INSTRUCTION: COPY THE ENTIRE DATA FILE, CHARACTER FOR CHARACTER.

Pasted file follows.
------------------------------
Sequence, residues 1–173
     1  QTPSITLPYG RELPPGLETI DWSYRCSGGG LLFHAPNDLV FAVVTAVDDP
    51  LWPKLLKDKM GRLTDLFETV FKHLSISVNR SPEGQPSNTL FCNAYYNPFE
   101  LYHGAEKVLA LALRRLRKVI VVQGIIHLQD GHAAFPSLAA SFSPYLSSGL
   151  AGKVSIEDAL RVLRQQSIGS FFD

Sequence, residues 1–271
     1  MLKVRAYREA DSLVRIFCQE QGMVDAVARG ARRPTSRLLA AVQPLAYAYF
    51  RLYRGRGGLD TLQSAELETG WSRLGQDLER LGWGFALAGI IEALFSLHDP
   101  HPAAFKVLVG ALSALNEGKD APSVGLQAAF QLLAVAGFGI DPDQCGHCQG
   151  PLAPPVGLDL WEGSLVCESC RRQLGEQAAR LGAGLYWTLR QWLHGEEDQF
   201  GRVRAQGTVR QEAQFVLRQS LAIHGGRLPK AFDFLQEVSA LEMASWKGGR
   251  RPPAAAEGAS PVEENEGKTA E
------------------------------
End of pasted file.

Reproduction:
Sequence, residues 1–173
     1  QTPSITLPYG RELPPGLETI DWSYRCSGGG LLFHAPNDLV FAVVTAVDDP
    51  LWPKLLKDKM GRLTDLFETV FKHLSISVNR SPEGQPSNTL FCNAYYNPFE
   101  LYHGAEKVLA LALRRLRKVI VVQGIIHLQD GHAAFPSLAA SFSPYLSSGL
   151  AGKVSIEDAL RVLRQQSIGS FFD

Sequence, residues 1–271
     1  MLKVRAYREA DSLVRIFCQE QGMVDAVARG ARRPTSRLLA AVQPLAYAYF
    51  RLYRGRGGLD TLQSAELETG WSRLGQDLER LGWGFALAGI IEALFSLHDP
   101  HPAAFKVLVG ALSALNEGKD APSVGLQAAF QLLAVAGFGI DPDQCGHCQG
   151  PLAPPVGLDL WEGSLVCESC RRQLGEQAAR LGAGLYWTLR QWLHGEEDQF
   201  GRVRAQGTVR QEAQFVLRQS LAIHGGRLPK AFDFLQEVSA LEMASWKGGR
   251  RPPAAAEGAS PVEENEGKTA E